VIENNA – Iran alleged Thursday that the U.N. inspector it blocked from a nuclear site last week tested positive for suspected traces of explosive nitrates. The U.N.'s nuclear watchdog, the International Atomic Energy Agency, disputed Iran's claim.
The allegation made by Iranian representative Kazem Gharib Abadi came as Iran injected uranium gas into centrifuges at its underground Fordo nuclear complex early Thursday, taking its most significant step away from its 2015 nuclear deal with world powers.
It also dominated an IAEA meeting that included discussions about alleged radioactive material found at an undeclared site in Iran.
These latest steps by Iran put additional pressure on Europe to offer Tehran a way to sell its crude oil abroad despite the U.S. sanctions imposed on the country since President Donald Trump unilaterally withdrew America from the nuclear deal over a year ago.
The Oct. 28 incident with the inspector happened at Iran's Natanz nuclear facility, which includes the majority of the centrifuges now enriching uranium in the country. The entrance of Natanz includes equipment to check for traces of nitrates, Abadi said.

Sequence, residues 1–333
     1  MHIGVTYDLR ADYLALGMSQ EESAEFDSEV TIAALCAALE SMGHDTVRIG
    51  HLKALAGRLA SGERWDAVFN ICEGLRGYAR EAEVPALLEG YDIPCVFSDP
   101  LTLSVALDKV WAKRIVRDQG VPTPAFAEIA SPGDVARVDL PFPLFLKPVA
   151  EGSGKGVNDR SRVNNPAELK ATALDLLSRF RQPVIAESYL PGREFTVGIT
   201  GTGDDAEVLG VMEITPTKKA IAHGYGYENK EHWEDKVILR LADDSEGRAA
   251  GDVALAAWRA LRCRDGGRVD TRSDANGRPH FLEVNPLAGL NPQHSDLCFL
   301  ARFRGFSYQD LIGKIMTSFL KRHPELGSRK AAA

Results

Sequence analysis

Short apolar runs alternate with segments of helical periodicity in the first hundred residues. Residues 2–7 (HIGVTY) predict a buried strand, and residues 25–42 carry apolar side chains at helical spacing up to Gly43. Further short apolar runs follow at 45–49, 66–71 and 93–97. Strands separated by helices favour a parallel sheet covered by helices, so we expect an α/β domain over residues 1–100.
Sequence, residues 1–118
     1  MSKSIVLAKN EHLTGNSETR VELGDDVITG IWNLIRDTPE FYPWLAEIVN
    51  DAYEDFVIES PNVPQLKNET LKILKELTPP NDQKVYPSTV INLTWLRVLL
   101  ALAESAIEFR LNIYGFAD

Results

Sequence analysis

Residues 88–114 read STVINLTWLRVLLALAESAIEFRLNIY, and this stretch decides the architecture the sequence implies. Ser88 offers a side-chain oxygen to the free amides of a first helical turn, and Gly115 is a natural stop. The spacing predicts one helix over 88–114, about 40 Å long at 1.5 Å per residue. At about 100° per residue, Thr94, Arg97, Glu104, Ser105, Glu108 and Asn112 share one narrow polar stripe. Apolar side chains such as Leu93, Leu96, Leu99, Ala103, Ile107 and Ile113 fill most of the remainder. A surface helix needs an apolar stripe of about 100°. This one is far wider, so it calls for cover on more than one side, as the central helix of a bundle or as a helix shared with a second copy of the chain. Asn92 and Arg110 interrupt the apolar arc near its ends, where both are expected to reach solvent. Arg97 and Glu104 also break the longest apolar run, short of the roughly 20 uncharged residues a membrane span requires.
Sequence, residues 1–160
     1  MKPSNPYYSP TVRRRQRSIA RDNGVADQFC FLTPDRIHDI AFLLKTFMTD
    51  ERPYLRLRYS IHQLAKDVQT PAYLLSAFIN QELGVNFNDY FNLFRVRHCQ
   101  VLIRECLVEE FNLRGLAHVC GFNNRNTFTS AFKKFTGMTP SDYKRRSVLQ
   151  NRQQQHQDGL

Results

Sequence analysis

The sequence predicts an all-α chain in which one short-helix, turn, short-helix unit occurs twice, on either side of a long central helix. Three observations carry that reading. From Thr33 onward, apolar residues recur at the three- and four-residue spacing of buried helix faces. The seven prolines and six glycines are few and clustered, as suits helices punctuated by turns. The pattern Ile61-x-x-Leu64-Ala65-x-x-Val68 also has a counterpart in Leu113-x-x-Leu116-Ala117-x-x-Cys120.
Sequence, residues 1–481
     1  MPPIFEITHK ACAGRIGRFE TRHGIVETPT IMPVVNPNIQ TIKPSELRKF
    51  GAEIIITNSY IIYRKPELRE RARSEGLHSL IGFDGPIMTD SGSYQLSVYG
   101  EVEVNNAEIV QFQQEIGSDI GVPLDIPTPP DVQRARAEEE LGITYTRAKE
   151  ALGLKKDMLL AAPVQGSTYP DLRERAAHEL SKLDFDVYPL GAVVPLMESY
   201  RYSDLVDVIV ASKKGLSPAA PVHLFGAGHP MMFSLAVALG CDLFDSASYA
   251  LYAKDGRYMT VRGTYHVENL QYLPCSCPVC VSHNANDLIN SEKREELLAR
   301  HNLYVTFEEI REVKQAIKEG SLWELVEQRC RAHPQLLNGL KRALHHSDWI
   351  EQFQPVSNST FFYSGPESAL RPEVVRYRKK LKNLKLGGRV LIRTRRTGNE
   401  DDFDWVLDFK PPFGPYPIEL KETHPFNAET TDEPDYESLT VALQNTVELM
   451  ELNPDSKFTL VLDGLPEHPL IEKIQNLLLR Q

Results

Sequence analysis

“The detector's alarm went off and it was signaling to a specific person,” he said.
As they waited for a female employee to search the inspector, the woman went off to the bathroom. Abadi alleged when she came back, she no longer tested positive. He said the team took samples from the bathroom, as well as seized her handbag.
Abadi said he hoped further tests by Iran and the IAEA would explain what happened.
Iran's nuclear industry has been targeted by sabotage and its scientists assassinated in the past.
“Needless to say that Iran, like all other members of the agency, cannot condone any behavior or action which may be against the safety and security of its nuclear installations, especially ... considering the past sabotage attempts in its nuclear facilities,” Abadi said.